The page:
21 July 2024

Empowering them in conserving our biodiversity

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By Dr. Azizi Abu Bakar

Malaysia’s biodiversity, a jewel in our nation’s natural heritage, is under severe threat. The recent discovery of a complete tiger skeleton in Rompin, Pahang, linked to an illegal poaching gang, underscores the urgent need for robust conservation efforts. This incident, uncovered during “Operasi Bersepadu Khazanah” (OBK), involving Perhilitan and the police’s Internal Security and Public Order Department, highlights the grave challenges we face in combating wildlife crimes. Earlier in the same week, three Cambodian men were arrested for illegal wildlife hunting in the Berkelah Reserve Forest in Maran, Pahang further demonstrating the persistent threat to our biodiversity despite global awareness efforts such as the International Day for Biological Diversity on May 22.

Malaysia, a signatory to the Convention on Biological Diversity (CBD) and an active participant in the Conference of the Parties (COP), is committed to protecting its rich biodiversity. The upcoming COP 16 in Cali, Colombia, from October 21 to November 1, 2024, will be crucial for reviewing progress and setting future goals. The UN Decade on Ecosystem Restoration aims to prevent, halt, and reverse ecosystem degradation globally. The Kunming-Montreal Global Biodiversity Framework (GBF), adopted at COP 15, sets ambitious targets for 2030 and 2050 to achieve a world living in harmony with nature.

Malaysia is recognized as one of the world’s megadiverse countries, ranked 12th globally in the National Biodiversity Index. Our nation boasts an estimated 15,000 species of vascular plants, 306 species of mammals, 742 species of birds, 242 species of amphibians, 567 species of reptiles, over 449 species of freshwater fish, over 500 species of marine fish, and more than 150,000 species of invertebrates. Despite rapid economic development, approximately 60% of Malaysia’s land area remains forested, including permanent reserved forests, national parks, and wildlife sanctuaries. This commitment aligns with Malaysia’s pledge at the 1992 Rio Earth Summit to maintain at least 50% of forest and tree cover in perpetuity. Additionally, 10.6% of the land area is designated as terrestrial protected areas.

Marine protected areas are equally significant, covering coral reefs, seagrasses, and mangrove forests. As of 2013, the Department of Marine Park Malaysia manages 248,613 hectares of marine protected areas, including 42 islands in Peninsular Malaysia and federal territories. Sabah and Sarawak also contribute significantly, with marine protected areas managed by Sabah Parks and the Sarawak Forestry Department.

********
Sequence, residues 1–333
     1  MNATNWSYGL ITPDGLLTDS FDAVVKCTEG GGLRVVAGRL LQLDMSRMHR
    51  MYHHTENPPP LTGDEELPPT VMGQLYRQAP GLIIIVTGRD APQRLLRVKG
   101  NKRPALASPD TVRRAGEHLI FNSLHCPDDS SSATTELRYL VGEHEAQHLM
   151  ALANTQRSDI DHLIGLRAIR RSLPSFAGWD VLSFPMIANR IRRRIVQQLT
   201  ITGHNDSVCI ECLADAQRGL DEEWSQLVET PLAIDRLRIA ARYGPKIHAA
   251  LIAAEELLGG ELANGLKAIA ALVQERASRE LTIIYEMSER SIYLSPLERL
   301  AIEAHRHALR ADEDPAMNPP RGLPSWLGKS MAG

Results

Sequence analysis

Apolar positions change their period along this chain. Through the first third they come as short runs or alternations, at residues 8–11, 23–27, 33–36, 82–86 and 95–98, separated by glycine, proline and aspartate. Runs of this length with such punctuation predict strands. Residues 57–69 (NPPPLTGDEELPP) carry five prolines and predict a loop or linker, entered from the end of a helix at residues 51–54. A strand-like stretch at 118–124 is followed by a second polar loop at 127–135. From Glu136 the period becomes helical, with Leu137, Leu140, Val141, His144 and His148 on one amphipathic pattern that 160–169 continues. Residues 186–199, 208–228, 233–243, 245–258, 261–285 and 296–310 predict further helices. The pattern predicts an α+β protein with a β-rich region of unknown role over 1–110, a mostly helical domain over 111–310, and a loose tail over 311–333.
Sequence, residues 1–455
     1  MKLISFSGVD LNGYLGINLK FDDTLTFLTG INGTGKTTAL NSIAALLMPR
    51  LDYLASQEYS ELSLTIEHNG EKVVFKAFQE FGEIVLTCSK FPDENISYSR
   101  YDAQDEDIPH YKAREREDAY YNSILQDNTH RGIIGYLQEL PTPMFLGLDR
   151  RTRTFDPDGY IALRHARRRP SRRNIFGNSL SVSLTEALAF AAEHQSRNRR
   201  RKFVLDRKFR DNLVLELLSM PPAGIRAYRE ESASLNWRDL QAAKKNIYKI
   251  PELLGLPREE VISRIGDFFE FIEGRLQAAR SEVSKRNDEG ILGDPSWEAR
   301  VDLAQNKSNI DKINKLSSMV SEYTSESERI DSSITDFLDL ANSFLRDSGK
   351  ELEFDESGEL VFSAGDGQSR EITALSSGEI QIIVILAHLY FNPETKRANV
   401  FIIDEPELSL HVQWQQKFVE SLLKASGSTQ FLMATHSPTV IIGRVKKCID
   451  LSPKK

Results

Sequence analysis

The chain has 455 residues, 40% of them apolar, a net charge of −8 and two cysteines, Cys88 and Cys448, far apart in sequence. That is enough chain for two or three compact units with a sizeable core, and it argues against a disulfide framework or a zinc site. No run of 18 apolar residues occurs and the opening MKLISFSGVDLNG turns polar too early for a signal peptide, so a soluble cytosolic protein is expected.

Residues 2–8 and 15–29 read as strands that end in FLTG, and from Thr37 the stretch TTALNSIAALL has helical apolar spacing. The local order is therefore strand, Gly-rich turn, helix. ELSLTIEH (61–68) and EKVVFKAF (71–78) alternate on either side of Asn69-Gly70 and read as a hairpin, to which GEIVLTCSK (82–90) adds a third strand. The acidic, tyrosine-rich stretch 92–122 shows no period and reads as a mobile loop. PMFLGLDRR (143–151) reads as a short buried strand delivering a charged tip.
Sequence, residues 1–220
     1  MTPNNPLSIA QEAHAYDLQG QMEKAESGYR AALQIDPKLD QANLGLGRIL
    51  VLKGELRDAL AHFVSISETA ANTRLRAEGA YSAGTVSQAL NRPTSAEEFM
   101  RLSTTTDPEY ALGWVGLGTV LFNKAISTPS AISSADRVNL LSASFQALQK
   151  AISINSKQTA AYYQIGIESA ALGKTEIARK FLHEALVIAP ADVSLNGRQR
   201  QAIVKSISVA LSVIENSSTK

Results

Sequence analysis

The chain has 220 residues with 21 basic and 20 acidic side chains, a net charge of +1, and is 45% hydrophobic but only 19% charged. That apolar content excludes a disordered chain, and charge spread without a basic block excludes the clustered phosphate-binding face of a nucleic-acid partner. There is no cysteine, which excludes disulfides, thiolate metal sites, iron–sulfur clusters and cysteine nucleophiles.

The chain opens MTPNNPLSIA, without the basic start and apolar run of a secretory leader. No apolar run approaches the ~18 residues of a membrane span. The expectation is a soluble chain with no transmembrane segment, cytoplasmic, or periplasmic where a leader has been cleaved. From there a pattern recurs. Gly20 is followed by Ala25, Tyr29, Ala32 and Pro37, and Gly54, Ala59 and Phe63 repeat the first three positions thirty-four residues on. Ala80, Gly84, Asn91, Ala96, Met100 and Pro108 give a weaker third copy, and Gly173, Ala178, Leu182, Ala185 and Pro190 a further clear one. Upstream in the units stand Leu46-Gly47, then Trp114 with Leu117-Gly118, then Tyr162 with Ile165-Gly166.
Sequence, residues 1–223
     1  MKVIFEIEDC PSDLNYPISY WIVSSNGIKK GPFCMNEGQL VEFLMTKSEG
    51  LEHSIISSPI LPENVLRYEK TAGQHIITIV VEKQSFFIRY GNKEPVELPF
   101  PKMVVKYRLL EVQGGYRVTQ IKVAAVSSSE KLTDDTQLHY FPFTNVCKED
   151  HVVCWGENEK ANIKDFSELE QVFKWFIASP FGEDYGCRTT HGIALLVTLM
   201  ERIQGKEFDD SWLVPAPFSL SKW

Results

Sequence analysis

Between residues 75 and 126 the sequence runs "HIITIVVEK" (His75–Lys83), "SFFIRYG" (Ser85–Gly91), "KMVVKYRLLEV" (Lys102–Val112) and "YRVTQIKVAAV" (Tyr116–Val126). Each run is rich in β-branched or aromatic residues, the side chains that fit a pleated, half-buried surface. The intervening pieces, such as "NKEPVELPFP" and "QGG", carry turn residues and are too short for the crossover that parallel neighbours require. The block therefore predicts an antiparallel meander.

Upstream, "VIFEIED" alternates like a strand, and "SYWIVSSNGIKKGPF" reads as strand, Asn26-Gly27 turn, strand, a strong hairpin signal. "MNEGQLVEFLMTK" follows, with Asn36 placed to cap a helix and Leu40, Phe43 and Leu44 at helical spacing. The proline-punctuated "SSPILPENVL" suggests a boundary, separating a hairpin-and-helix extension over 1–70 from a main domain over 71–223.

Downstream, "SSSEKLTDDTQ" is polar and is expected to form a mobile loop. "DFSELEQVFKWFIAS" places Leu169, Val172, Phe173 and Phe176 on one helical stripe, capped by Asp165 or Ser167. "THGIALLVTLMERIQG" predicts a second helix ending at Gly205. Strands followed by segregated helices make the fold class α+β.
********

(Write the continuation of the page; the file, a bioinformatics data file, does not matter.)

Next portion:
Despite these efforts, Malaysia faces numerous threats to biodiversity, including land development, pollution, poaching, climate change, and invasive alien species. The 2008 IUCN Red List identifies Malaysia as home to 1,141 threatened species, emphasizing the urgent need for continued and enhanced conservation efforts.

The GBF’s four long-term goals for 2050 aim to increase natural ecosystems, halt extinction, sustainably use biodiversity, ensure equitable sharing of benefits, and secure adequate implementation resources. Achieving these goals will require concerted efforts from all sectors of society, particularly the youth.

Youth role as #GenerationRestoration for #MyBioD

In Malaysia, youth play a critical role in biodiversity conservation. The National Policy on Biological Diversity 2016-2025 aims to involve at least 500,000 youths in nature-based activities annually by 2025. Initiatives like strengthening biodiversity literacy in education, supporting environmental training for teachers, and expanding the Rakan Alam Sekitar programme are crucial for nurturing future leaders in conservation.

Urban biodiversity conservation is also essential. Actions to protect green spaces, establish urban habitats for wildlife, and support private landowners in enhancing biodiversity are vital for enriching the quality of life in urban areas.